SEI is collaborating with The Asia Foundation (TAF) and Winrock to integrate gender and poverty considerations with water security planning. Focused on the Stung Chinit basin in Cambodia, this project will create a poverty framework for the region and incorporate it into a water resources model using SEI’s Water Evaluation and Planning (WEAP) software.
This work seeks to explore how sustainable water management can happen in tandem with efforts to achieve social equality, economic growth, and poverty reduction – and thus ensure access to water for all. It will feed into an ongoing effort under the USAID Sustainable Water Partnership to improve water security in Stung Chinit, lead by Winrock.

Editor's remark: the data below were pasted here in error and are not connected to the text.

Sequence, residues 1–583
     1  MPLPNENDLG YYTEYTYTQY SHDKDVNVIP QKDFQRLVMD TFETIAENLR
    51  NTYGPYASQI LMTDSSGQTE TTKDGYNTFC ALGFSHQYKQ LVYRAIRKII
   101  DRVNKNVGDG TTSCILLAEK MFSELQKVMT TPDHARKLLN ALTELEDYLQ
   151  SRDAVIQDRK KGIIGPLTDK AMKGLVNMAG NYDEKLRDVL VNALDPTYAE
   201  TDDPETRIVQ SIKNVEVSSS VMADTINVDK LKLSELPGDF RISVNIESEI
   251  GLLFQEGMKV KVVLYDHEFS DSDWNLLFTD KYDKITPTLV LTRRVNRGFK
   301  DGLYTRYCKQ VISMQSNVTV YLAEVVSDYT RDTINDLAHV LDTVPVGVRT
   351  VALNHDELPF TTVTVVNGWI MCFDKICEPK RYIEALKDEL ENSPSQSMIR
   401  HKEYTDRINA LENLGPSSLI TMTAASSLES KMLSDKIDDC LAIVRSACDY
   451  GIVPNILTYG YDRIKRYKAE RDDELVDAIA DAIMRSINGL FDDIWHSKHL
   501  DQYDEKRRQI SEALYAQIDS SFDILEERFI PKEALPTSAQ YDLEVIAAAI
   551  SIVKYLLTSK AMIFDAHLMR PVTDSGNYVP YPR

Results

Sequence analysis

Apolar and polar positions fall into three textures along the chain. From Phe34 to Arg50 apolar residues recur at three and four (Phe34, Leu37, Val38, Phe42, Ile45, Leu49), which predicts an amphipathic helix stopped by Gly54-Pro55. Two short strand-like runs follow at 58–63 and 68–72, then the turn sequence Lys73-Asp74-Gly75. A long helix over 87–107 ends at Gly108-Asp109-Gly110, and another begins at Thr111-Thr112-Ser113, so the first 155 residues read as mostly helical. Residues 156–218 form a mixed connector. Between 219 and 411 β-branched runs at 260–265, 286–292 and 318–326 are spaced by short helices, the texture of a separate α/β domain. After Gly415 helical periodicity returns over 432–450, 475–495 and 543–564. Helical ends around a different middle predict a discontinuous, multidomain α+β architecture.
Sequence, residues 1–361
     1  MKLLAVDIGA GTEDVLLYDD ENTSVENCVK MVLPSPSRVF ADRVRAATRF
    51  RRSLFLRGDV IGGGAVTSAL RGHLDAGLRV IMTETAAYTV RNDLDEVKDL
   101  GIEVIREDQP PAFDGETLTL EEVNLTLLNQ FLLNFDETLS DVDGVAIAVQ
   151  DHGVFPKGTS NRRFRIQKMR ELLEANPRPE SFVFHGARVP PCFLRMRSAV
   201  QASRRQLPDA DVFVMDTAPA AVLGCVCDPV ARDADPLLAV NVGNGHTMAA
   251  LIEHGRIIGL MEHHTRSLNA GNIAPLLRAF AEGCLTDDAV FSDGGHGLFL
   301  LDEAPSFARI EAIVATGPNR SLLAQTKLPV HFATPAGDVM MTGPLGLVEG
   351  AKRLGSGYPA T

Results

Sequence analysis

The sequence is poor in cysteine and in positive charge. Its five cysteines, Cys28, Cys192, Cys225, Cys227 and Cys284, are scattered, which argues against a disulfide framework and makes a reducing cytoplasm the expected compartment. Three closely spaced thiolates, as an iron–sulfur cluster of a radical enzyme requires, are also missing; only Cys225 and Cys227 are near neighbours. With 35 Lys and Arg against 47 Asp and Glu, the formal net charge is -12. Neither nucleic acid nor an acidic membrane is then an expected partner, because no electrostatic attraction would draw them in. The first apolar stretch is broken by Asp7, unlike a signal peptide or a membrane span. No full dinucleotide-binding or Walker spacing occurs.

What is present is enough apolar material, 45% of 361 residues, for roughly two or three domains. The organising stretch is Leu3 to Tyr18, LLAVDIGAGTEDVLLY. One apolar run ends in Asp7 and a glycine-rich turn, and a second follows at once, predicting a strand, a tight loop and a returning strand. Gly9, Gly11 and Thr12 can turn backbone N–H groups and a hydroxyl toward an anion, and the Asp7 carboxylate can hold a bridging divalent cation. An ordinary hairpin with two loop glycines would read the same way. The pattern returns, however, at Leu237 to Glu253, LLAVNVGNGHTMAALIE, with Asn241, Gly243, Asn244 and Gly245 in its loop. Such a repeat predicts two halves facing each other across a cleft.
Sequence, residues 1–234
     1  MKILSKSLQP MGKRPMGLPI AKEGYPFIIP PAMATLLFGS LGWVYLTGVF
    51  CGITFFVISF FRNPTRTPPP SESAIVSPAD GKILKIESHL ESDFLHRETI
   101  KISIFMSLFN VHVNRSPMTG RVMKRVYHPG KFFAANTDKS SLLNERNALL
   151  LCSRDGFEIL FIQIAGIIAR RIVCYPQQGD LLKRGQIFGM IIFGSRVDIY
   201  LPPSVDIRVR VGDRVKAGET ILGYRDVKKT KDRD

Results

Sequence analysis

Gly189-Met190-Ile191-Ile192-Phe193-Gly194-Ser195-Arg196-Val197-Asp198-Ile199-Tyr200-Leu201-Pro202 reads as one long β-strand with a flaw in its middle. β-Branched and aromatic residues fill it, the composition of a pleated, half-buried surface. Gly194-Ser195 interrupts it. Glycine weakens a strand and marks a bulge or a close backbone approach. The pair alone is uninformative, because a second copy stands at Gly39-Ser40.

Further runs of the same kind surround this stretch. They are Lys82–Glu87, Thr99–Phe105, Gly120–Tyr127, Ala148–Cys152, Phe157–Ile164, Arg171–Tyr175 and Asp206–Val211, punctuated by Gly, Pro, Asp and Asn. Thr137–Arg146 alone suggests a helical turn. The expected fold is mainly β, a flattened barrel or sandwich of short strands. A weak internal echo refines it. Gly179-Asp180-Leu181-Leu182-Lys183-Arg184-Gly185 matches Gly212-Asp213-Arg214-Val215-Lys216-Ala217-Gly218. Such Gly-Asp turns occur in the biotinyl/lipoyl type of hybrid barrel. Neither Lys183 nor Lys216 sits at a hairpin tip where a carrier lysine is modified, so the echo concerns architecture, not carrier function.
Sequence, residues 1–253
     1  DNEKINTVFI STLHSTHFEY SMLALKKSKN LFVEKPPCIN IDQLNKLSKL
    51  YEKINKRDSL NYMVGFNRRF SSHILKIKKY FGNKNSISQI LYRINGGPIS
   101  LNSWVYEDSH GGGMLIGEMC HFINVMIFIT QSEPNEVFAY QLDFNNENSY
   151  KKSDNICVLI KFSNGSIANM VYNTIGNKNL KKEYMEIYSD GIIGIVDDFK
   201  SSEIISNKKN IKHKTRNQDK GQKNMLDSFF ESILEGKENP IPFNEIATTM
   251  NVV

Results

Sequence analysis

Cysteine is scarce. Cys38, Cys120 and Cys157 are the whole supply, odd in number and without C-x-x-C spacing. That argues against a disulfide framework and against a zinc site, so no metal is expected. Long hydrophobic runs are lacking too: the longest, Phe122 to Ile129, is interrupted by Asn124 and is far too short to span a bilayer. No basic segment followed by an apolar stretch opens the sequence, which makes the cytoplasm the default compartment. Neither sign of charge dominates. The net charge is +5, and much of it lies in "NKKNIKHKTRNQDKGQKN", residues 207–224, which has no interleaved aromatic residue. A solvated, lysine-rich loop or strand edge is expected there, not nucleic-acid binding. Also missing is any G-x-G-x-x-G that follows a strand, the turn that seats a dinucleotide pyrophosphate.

The analysis uses the Dimensions of Poverty Framework developed by the Swedish International Development Cooperation Agency (Sida) to characterize poverty dimensions and gender inequalities, describe the contexts surrounding poverty, and incorporate these aspects into a water resources model for the Stung Chinit basin.
This study demonstrates how incorporating social factors into water modelling can lead to a more equitable water supply.
This study finds that water management is a larger threat to rice and ecosystems than the warming temperatures of climate change.
Preliminary findings suggest poverty and gender affect access to water for the home, agriculture and fishing.
An innovative water management exercise fostered hands-on learning in Cambodia at a workshop held through the Sustainable Water Partnership.